South African President, Jacob Zuma
A survivor of last month's police killing of 34 strikers at a South African mine says officers shot fleeing and surrendering men beyond the eyes of the media, challenging police assertions that they fired only in self-defense.
The testimony of Malusi King Danga, a 27-year-old general worker at Lonmin's Marikana mine, sheds light on shootings on a rocky outcrop near the platinum mine on August 16, reports Reuters.
Reuters Television footage of one incident showed nearly a dozen striking miners being cut down in a barrage of automatic weapon fire as they emerged from behind a police vehicle.
The images, relayed around the world, conjured up memories of South Africa's racist past. However, most of the deaths at Marikana, 100 km (60 miles) northwest of Johannesburg, occurred away from the cameras.
Danga was able to tell his story only after being released from three weeks in jail on Thursday. His testimony to Reuters suggests that at least three victims were shot either hiding or fleeing from police, or surrendering to them.
Police spokesman, Dennis Adriao said he could not comment, pending the outcome of a government inquiry. However, Danga's allegations are likely to deepen public anger with the security forces and the ruling African National Congress.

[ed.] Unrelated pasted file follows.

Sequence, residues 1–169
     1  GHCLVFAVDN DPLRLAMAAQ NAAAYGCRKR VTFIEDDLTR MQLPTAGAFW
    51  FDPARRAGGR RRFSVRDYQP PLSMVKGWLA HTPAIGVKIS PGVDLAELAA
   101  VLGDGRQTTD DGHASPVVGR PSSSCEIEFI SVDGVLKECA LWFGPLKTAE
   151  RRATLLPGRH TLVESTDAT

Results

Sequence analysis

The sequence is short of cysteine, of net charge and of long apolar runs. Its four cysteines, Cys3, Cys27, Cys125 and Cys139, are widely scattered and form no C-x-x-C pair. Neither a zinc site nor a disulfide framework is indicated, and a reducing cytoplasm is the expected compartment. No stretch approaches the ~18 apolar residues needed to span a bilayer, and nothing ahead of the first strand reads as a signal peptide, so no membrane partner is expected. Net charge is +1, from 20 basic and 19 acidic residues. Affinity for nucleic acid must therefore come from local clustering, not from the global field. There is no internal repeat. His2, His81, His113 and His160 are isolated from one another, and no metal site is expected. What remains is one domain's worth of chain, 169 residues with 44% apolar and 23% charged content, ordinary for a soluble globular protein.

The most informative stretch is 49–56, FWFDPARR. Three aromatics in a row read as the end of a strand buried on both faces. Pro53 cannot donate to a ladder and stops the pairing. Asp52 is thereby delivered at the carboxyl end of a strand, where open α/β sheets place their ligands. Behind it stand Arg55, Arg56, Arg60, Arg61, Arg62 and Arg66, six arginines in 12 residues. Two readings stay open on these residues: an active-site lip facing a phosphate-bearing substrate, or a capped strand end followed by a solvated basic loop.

Danga, who left his home five years ago in the impoverished Eastern Cape in search of work, said the shooting began after strikers who had gathered on a rocky hill that served as rally point fled police who were trying to hem them in.
"It was my first day on the hill. I was expecting the employer to address us. I was there for about five minutes and police started putting up the razor wire," he said, speaking before and after a traditional cleansing ceremony close to the scene of the "Marikana massacre".
"People starting running and police fired a shot. I was running away to the informal settlement in the opposite direction and police chased me and said 'Go back to where you came from.' I ran back towards a second hill, a small hill."
"I was so desperate. I didn't know where to go. Police circled the boulders. I ran up and down trying to escape, to take another route. We were trapped. I crouched and hid myself under one of the rocks," he said.